Friday, January 21, 2005

Ethos brings world music to valley

Coincides with opening of

Express Staff Writer

Ethos plays in the gym at Bellevue Elementary School. Ethos Percussion Group will do a week long residency in valley schools beginning on Monday.

Ethos Percussion Group is that odd entity that turns on its own name. The ensemble cultivates an alternative ethos, through the character and culture of music and percussion.

The Sun Valley Center for the Arts presents Ethos in a weeklong residency, with two opportunities to hear their work live. The timing of this first in the Winter Music Series coincides perfectly with the Jan. 26 opening of the new exhibition, "Confluence," which explores the merging of Middle Eastern cultural traditions with contemporary Western art.

On Saturday, Jan. 29, at 7:30 p.m. at the Presbyterian Church of the Big Wood, Ethos performs for the first time this year playing a brand new program consisting largely of new pieces written for the ensemble.

"We've been very fortunate over the past six or seven years to have been able to commission pieces funded by the Jerome Foundation grant," said member Trey Files.

"We're very interested in traditional music. There's not a lot of literature, but we wanted to play music that reflected our interests," Files said. "We all started out with a classical background."

Indeed, the ensemble's credits are legendary both as soloists and together. They have had major performances at the Lincoln Center's Alice Tully Hall, Carnegie Hall's Weill Recital Hall, Philadelphia Museum of Art, U.S. Military Academy, American Museum of Natural History and Carnegie Hall. They tour a total of three months, spread out over a year, and participate in a number of residency programs at schools during the tour. Last year, Ethos played in Sun Valley and delighted audiences with their spirited playing, hip attitudes and virtuoso musicianship.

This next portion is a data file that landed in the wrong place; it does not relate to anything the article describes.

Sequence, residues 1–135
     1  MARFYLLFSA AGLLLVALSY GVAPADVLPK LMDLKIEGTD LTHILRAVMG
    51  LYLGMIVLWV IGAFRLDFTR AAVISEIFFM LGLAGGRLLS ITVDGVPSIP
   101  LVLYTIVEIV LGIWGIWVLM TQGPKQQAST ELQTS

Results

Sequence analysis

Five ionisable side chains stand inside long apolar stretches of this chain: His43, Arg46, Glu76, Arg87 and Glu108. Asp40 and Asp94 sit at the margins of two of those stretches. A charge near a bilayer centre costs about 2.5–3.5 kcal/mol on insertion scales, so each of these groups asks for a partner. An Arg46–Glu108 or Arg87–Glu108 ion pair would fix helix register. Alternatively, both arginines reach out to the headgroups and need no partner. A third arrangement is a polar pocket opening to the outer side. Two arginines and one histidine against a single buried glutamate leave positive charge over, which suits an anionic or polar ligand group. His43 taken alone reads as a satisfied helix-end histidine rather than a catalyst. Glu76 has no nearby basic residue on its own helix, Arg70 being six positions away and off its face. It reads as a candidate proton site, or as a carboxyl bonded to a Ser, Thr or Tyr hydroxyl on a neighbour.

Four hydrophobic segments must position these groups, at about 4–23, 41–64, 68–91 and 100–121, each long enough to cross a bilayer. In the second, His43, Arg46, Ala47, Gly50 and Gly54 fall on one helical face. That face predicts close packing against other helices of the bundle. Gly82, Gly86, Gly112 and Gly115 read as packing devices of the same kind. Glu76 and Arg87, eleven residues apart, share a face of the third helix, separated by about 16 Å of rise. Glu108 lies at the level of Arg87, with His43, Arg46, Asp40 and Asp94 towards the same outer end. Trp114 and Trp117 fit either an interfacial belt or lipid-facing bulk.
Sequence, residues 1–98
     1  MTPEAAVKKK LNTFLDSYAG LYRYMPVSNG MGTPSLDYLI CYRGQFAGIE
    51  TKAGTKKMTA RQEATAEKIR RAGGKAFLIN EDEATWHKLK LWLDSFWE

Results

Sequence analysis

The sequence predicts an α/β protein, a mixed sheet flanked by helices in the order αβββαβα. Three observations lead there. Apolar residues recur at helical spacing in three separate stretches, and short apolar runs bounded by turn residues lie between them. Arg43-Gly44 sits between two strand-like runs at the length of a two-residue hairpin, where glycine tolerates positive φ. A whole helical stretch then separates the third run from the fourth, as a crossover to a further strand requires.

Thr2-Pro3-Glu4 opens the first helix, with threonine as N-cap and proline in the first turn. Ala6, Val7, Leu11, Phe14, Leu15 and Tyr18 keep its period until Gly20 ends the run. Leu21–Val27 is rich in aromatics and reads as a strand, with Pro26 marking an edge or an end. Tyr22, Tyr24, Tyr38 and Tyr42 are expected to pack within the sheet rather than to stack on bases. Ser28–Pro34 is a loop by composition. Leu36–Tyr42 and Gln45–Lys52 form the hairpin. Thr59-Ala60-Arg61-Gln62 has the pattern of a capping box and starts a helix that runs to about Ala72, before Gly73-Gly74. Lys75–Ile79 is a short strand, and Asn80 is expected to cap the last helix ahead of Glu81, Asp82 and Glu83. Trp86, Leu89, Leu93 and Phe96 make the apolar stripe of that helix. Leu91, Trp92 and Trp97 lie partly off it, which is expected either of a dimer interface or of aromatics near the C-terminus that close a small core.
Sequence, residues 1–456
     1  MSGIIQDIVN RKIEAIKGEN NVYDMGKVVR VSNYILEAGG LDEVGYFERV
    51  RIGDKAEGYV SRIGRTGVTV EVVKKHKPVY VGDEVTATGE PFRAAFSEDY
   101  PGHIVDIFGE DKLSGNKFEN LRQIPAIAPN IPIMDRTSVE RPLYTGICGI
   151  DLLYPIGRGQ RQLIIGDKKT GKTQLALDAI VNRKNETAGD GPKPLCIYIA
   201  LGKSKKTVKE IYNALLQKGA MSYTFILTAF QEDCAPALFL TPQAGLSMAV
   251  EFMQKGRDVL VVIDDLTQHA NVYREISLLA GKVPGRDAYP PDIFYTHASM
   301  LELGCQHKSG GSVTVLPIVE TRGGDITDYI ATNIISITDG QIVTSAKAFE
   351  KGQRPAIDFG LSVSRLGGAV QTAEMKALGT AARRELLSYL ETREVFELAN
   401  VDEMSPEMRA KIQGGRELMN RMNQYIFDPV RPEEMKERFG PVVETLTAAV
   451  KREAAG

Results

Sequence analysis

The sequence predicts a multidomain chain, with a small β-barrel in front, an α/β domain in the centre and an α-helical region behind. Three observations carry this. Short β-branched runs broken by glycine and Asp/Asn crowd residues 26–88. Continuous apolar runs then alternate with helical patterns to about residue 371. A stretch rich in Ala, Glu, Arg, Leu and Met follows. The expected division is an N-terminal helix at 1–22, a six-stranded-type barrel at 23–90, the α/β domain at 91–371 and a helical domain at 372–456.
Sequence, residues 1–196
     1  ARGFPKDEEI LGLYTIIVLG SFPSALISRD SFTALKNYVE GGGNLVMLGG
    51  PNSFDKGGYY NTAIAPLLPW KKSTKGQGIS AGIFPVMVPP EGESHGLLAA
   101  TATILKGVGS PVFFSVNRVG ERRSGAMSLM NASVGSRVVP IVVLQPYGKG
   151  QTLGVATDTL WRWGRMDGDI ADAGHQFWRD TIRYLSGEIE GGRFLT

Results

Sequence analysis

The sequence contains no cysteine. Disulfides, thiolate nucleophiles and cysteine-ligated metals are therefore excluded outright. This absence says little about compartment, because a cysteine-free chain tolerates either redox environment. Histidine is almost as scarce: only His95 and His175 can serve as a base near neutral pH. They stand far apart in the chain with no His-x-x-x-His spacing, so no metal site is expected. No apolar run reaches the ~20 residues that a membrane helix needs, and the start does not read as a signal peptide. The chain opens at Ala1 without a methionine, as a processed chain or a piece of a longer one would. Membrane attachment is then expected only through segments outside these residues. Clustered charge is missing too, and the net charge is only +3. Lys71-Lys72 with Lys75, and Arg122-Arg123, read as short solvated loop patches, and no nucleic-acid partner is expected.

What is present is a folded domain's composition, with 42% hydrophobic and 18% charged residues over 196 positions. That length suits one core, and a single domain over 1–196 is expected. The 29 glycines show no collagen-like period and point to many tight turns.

Michael Sgouros founded Ethos Percussion Group in 1990, after graduating from The Juilliard School in New York City. He has also performed with the American Symphony, Philharmonia Virtuosi, Long Island Masterworks Chorus Orchestra, and the Broadway productions of "The Secret Garden," "Falsettos," "The Goodbye Girl," "Sunset Boulevard," "Miss Saigon" and "The Phantom of the Opera." He also was in the national tour of "A Chorus Line" and a Singapore tour of "Anything Goes." He has played professionally with an assortment of renowned singers and performers.

Yousiff Sheronick brings his interest in the music and culture of the Middle East into play. He's played with such musicians as Yo-Yo Ma, Pandit Samir Chatterjee, Sonny Fortune, the Pacifica String Quartet, David Krakauer, Steve Gorn and Alessandra Belloni, and has made numerous festival appearances around the world.

A student of the North Indian tabla drum, Eric Phinney studies with Indian tabla master Pandit Sharda Sahai of Beneras and Pandit Samir Chatterjee of Calcutta. He is also a member of Chandayan, an Indian musical organization based in Calcutta. In addition to Hindustani studies, he is a student of West African drumming and is studying the West Africa xylophone precursor, the Gyil.

Files is a rock drummer at heart and has toured the world with various bands, as well as productions of the Who's "Tommy," the national tour of Stephen Sondheim's "Company" and "Beauty and the Beast" on Broadway. Currently he is working with Guinea drums such as the Djembe.